inside: 750gm down bag (400gms of fill, rated to -1c comfort). outside: 750gm synthetic bag (2 x 60gms/m2 supermix fill, rated to +5c comfort).
*note: all the ‘rating’ stuff that follows is what the good pedigree companies nominate for these bags. make of it what you will in regards to the environment temperatures given by the japan weather stations. note too: all this refers to sleeping in a baselayer, well fed, in a variety of tents and bivvys.
for such an obviously great idea theres very little written about using 2 sleeping bags in combination, and even tho the term ‘sleeping system’ is thrown about a lot, its not until you use 2 bags that it really means much.
most winter climbers are very aware of how they apply down and synthetic layers to their bodies, tweaking things in all sorts of ways to get what works. and yet what they sleep in is usually an unadapted and off-the-rack gamble. matching up multiple sleeping bags is where sleeping starts getting smart. down/synthetic bag systems work because of how they allow you to manage moisture – and after about day 3 of a winter trip thats what its all about. not only do you need to stay dry enough to stay warm, but on a trip somewhere remote you want the confidence in your gear.
the bag combination ive experimented with this winter over 30 nights has been a thin synthetic (rated to +5) over a lightweight alpine down (rated to 0c) in temperatures down to -18 or so. together both bags pack down to and weighs the same as an 800gm fill down bag rated to -15 or so, or a synthetic bag rated to -10. what the combined system has as its advantage is adaptability – something at the core of winter climbing. with the 2 bag system in the photo above, i will happily take it to -20c and lower.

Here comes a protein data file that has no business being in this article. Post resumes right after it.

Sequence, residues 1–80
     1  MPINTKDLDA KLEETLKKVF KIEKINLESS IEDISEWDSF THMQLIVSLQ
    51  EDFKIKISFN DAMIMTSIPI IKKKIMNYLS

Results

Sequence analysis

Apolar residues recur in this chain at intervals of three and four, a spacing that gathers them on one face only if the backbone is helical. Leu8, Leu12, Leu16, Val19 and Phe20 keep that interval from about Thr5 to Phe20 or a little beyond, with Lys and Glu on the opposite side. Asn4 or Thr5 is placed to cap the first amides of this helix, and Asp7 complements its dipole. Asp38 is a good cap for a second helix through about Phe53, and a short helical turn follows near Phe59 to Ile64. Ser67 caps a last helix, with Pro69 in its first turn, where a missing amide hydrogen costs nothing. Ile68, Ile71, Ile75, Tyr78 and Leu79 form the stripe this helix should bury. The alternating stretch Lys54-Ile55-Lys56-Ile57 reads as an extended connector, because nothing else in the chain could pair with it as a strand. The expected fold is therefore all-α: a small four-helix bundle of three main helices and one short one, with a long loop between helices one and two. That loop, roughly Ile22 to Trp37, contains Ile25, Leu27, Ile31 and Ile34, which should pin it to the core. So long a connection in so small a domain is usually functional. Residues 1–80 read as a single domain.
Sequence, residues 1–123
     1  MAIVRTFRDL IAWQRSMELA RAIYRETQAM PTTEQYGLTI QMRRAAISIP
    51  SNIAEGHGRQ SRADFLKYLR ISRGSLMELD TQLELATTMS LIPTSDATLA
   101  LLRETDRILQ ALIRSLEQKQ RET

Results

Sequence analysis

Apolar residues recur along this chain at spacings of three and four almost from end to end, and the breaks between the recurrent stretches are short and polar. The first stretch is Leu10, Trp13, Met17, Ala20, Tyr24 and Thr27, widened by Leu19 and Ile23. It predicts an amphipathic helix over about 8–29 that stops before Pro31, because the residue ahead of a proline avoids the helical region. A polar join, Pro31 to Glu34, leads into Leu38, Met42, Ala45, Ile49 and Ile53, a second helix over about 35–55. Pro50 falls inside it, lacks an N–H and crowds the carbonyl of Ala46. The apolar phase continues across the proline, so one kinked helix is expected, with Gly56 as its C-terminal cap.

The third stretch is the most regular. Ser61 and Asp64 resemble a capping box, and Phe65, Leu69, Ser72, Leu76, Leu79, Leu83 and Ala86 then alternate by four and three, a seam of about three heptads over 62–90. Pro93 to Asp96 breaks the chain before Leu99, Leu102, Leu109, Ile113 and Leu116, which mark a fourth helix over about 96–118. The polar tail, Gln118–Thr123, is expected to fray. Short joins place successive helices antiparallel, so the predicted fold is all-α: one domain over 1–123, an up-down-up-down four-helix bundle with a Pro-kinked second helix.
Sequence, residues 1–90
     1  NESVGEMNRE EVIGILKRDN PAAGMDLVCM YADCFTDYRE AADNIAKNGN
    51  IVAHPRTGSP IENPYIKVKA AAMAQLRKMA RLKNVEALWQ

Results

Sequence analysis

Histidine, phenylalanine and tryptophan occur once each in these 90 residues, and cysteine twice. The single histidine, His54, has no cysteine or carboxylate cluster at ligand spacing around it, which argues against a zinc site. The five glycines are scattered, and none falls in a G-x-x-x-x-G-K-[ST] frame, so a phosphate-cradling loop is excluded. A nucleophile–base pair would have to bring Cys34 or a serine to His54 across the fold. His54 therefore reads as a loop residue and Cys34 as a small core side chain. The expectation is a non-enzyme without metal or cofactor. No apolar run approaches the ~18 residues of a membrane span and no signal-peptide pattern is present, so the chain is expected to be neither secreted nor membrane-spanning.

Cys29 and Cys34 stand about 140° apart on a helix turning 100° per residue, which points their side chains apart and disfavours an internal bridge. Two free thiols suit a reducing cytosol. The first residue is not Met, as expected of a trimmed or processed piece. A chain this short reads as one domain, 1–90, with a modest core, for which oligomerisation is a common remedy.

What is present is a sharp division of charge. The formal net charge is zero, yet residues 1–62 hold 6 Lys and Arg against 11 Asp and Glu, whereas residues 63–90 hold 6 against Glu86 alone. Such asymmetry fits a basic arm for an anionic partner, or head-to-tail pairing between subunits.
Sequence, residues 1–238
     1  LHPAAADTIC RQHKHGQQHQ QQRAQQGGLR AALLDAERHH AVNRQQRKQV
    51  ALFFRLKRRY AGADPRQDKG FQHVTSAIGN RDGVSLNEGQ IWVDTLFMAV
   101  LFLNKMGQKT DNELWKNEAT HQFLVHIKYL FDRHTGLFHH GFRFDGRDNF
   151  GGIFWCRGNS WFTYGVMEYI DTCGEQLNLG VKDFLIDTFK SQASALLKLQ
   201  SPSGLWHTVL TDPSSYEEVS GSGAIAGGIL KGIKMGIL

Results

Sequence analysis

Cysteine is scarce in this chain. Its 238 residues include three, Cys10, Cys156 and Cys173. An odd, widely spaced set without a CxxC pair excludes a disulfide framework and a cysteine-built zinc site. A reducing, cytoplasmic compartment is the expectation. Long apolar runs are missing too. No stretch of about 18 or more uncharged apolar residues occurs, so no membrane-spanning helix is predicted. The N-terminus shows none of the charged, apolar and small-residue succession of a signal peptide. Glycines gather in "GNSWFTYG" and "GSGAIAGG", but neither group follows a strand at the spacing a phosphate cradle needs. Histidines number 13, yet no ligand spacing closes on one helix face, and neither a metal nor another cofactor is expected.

the basic concept is the inner down bag specializes in the warmth, and the outer synthetic bag takes on the moisture, with the air space between forming an important transition zone that lets both layers function at optimum. in a single bag, moisture come from inside the bag and meets cold air from outside somewhere in the middle, which then condenses to gradually wet out the insulation. in the double bag system the outer synthetic both protects from environmental moisture (snow, condensation etc) but traps a layer of air over the inner down layer which allows both the down to remain moisture free as its fully warm, as the synthetic takes on the moisture with its less affected insulation. at first it appears its simply all about the warmth of 2 bags combined, but it soon becomes apparent its actually the moisture management of the 2 insulations that is providing much of the extra warmth.
for this to work, the outer synthetic layer need not be very thick – just enough to warm the down bag right thru so any moisture moves beyond it rather than condensing inside. this is as much a matter of trapping radiation as cutting convection. this is where the synthetic bag is much more than a simple bivvy sack, which really only cuts the convection from wind/snow.
down (green/dark grey) & synthetic (light grey/black/red) loft side by side